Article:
Illustration from Rice, Trials of a Public Benefactor (1859). Original caption reads: "Wm. T. G. Morton, M. D., Boston, making the first public demonstration of etherization at the Massachusetts General Hospital, surrounded by the medical staff of that institution." [From left to right: 1.) Dr. Henry J. Bigelow. 2.) Dr. Augustus A. Gould. 3.) Dr. J. Mason Warren. 4.) Dr. John C. Warren. 5.) Dr. William T. G. Morton. 6.) Dr. Samuel Parkman. 7.) Dr. George Hayward. 8.) Dr. T. D. Townsend.] Archived at the Wellcome Library.
The origin of the reenactment scenario in the literature can be traced back to Henry Bryan Hall's steel engraving published in Trials of a Public Benefactor, authored by Nathan Rice. (18 »») Hall's engraving idealized the Abbott operation, portraying the surgical staff of the Massachusetts General Hospital at the time, plus Morton and his champion Dr. Augustus A. Gould. These were the principals who were most at risk if the experiment had failed, but two participants of the Abbott inner circle were omitted in Hall's engraving: House-surgeon Charles Heywood and House-physician Charles Bertody. And at least two of the Abbott principals named by Hall and Rice were not participants that day: Drs. George Hayward, Jonathan Mason Warren, and possibly Samuel Parkman. The public reception of this idealized fiction was fostered by Rice who wrote, "At this operation there were present in the central circle, in addition to the large number among the packed audience, Drs. J. C. Warren, J. Mason Warren, S. D. Townsend, H. J. Bigelow, Samuel Parkman, George Hayward, Dr. Pierson, of Salem, (subsequently killed at the Norwalk accident,) Dr. Gould, and Dr. Wellington, of Cambridge, Dr. Morton's former preceptor." (19 »»)
For the background of his engraving Hall copied the spatial elements in EDD No. 5, viz., the partition screen, the stretcher propped against the surgical chair, and reflections of light on the glassed instrument cabinet. The prints that were pulled from the plate flipped these compositional elements of the daguerreotype, or rather re-flipped them, since the lens in Hawes's camera itself produced an obverse of the scene. Although his engraving idealized the Abbott operation, Hall skillfully rendered accurate portraits that affirm the identities of Drs. Jonathan Mason Warren, Henry Jacob Bigelow, and Samuel Parkman in Ether Dome daguerreotype No. 1, the reenactment daguerreotype. An earlier state of the engraving provides a plausible attribution for Bertody and will be discussed under Hinckley's painting of the Abbott operation.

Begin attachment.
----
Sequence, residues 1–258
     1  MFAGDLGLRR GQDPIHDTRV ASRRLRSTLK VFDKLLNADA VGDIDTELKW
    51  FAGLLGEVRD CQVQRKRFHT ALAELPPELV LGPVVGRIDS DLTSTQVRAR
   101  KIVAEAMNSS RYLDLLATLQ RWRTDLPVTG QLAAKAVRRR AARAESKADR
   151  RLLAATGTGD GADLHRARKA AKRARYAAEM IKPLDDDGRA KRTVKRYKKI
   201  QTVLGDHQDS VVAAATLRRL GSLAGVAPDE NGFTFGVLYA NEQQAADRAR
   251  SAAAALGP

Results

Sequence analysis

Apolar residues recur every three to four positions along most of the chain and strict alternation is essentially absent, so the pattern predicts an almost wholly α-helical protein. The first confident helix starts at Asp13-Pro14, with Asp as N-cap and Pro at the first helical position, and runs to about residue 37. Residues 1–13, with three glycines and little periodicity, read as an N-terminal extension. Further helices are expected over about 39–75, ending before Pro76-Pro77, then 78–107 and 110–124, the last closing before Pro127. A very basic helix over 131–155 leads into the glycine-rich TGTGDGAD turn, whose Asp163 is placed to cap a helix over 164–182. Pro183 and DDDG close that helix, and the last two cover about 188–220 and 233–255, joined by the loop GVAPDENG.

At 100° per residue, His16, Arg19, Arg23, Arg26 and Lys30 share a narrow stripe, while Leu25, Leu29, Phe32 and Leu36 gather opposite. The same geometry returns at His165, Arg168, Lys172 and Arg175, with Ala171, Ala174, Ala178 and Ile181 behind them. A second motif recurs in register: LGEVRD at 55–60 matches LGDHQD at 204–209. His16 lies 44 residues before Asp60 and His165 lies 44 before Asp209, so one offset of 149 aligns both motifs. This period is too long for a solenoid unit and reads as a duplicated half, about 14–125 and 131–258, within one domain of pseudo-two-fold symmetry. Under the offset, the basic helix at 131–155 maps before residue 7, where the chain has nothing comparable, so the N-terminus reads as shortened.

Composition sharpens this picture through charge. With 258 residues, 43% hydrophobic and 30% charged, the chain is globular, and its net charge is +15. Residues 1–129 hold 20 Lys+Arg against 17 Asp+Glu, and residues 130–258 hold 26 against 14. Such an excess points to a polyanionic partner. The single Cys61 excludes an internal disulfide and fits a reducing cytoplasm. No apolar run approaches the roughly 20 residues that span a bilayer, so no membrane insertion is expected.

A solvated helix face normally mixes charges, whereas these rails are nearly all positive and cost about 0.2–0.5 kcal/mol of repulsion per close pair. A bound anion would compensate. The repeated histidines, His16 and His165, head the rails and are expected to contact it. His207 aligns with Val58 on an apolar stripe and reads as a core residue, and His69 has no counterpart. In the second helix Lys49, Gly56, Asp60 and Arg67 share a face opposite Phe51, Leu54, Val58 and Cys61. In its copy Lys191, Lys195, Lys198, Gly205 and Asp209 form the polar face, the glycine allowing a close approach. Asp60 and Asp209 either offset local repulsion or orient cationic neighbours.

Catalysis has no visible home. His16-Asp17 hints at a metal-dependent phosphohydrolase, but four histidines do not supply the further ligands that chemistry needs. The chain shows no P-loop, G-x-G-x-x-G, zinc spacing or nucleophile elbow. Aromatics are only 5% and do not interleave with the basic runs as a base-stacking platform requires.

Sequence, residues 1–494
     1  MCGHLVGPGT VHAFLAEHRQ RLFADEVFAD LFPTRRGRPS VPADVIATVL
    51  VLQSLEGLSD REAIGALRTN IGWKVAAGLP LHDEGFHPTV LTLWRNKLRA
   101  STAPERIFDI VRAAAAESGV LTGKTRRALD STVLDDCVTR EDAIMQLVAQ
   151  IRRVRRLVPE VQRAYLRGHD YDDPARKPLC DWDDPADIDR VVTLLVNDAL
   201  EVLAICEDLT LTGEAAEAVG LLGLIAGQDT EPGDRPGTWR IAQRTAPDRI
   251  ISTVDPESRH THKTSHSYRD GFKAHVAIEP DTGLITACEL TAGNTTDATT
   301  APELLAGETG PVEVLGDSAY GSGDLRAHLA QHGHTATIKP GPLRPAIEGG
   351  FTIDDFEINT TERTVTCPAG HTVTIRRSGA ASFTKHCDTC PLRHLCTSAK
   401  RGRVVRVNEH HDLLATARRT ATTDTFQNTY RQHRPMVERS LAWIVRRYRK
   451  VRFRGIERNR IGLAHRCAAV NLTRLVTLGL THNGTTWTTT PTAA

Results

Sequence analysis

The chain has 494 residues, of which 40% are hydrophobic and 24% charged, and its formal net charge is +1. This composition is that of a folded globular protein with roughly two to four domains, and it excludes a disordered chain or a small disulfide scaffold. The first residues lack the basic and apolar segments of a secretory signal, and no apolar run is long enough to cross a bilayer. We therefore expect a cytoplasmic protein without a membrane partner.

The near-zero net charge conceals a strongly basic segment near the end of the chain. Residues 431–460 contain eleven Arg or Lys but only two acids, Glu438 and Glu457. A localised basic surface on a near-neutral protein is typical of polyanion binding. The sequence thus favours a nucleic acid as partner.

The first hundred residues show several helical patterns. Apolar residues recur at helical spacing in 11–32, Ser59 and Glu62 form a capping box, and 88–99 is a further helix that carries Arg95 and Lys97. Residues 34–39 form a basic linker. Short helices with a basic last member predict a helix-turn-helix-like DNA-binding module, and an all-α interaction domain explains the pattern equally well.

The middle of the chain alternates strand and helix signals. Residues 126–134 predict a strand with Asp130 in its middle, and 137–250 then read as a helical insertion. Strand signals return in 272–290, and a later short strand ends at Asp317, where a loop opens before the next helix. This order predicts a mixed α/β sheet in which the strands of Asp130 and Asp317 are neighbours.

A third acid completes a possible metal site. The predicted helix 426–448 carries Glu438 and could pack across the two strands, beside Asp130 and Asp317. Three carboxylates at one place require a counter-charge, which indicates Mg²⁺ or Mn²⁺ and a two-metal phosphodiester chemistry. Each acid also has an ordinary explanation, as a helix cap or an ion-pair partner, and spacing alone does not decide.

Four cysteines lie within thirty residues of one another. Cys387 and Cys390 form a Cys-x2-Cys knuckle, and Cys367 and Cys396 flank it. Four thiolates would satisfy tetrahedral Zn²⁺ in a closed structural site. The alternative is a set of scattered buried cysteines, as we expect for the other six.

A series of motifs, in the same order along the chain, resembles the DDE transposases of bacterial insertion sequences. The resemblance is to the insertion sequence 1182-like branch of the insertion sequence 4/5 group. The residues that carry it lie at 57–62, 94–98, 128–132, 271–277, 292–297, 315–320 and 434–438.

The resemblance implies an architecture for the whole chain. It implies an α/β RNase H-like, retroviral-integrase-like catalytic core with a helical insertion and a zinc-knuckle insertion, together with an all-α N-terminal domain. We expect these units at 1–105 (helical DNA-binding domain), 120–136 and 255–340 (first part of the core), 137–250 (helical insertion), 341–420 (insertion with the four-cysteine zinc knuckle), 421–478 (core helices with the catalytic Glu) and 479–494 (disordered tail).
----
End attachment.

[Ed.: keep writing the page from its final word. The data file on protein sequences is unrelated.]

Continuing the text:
Until the close of the 19th century, Hall's engraving remained the sole visual representation of the Abbott surgery, and the public's only exposure to the daguerreotypes that he used as his models. In 1896, reproductions of Hall's engraving began to appear in memoirs celebrating the 50th anniversary of etherization, including one written by Morton's widow, Elizabeth Whitman Morton, published in McClure's Magazine with the caption, "Dr. Morton making the first public demonstration of etherization at the General Hospital, October 16, 1846." (20 »») The Boston Medical & Surgical Journal published several articles commemorating the introduction of anesthesia, illustrated by a phototype of Hall's engraving alongside a view of an artist's mock-up of the Ether Dome amphitheater, "as it was in 1846." (21 »») Subsequent editions of the engraving continued to be published well into the twentieth century, especially around the time of the 75th anniversary of anesthesia.
18.) Rice, N (1859); pl. facing p. 42.
19.) Ibid; p. 94.
20.) Morton, EW (1896), "The discovery of anesthesia. Dr. W. T. G. Morton and his heroic battle for a new idea — how painless surgery began fifty years ago." In: McClure's Magazine. London & New York: The S. S. McClure Co.; vol. 7., p. 311-388, ill.
21.) Hall, HB (1896), "The first public demonstration of etherization at the Massachusetts General Hospital." In: The Boston Medical and Surgical Journal. Boston: Damrell and Upham ; vol. 135, no. 16. Phototypes facing p. 386.